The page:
I was just reading about Amy Adams on Wikipedia and found out that her parents divorced when she was 11, despite belonging to the Mormon church which places a heavy emphasis on family togetherness (heavier than other religions).
While scrolling down to the bottom of the entry, I expected to see one of those offbeat Wikipedia category tags, like "Mormon children of divorce." Alas. But they didn't even have a generic category tag like "children of divorce," "father-absent people," etc.
They have a category for adoptees, something that most folks reading a person's biography would be interested in knowing. And something that could have shaped the way they turned out as adults. Adoption puts a happy face on the category of "unusual family structures," though. Things looked hopeless for the kid at first, but then they were rescued. Pointing out everybody who went through the opposite — things looked cheery at first, but then it all fell apart — would be a downer.
Wikipedia has all sorts of other category tags about a person's background and upbringing, from ethnicity to religion to being a military brat (like Amy Adams). That's the good kind of diversity — in the Wikipedian's mind, no ethnicity or religion or parental occupation is better than any other, so what's the harm in pointing it out? But whether both your parents were still together when you were going through adolescence... well, we don't have to air everybody's dirty laundry, do we?
And it is becoming "everybody" — see this earlier post about the still-rising rate of children growing up in broken homes.*
However, conveying how fucked-up the world is becoming, and pointing out who specifically has been hit, would go against the prime directive of the neutral point-of-view. You can read about it on a case-by-case basis, and assuming you soak up thousands of articles about living people, the pattern might strike you.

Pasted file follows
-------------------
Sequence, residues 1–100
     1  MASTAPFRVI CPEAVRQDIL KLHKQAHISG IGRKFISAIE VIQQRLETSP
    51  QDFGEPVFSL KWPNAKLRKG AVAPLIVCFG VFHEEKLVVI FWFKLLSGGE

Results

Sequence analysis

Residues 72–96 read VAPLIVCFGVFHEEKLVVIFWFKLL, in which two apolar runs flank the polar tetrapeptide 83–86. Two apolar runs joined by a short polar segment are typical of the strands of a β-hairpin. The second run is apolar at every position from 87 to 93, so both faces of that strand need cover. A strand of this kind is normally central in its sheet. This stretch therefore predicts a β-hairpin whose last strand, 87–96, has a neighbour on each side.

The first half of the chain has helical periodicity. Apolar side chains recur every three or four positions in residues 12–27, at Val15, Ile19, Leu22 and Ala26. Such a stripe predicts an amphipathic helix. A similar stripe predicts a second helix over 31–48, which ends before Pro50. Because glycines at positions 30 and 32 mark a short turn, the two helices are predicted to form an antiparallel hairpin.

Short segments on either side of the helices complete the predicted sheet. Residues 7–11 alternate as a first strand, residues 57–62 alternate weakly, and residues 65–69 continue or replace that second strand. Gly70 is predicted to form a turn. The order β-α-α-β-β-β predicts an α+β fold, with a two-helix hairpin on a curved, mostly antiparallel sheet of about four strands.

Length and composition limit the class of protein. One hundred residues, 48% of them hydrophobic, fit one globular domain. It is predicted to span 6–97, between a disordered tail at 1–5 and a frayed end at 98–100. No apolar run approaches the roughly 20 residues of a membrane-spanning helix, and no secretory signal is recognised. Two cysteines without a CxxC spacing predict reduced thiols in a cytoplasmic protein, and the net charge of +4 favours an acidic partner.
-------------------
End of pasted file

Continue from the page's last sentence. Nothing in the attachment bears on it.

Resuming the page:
But there will be no larger picture that an abstract category tag could clue you in to at the outset. And no firm sense of there being this whole category of people out there, without a concise tag to reify them as a group. Some things were not meant to be understood, even (or especially) through The Free Encyclopedia.
* The trend for divorce is not the same, and has been declining since a peak circa 1980. But the rosier trend for divorce ignores whether or not there are any children involved, and married couples aren't pumping out babies like they used to. The divorce of a childless couple does not leave a broken home.
Wikipedia seems to follow the principle of non-judgmentalism - a concept discussed over at Lion of the Blogosphere among other places. Unless you happen to be on the more conservative side of things - then a little editorial leeway is given to skew things in a certain light.ReplyDelete
We are also not supposed to recognize patterns, a la Steve Sailer. At least it's comforting knowing there are people like us out there who think a certain way, and can see these things. Coming here makes me realize I'm not completely crazy.
Thought about adding the category, but it seems pointless. I'd need the support of a few sympathetic admins, and even then it would be an epic battle with insecure outcome. Had that too often.ReplyDelete
Actually, divorce hasn't necessarily gone down since 1980. The rate has gone down, but the age adjusted rate hasn't. 30 years olds are still breaking up at the same rate. Its just that there aren't lots of married 25 year olds that can break up (younger couples break up more often).ReplyDelete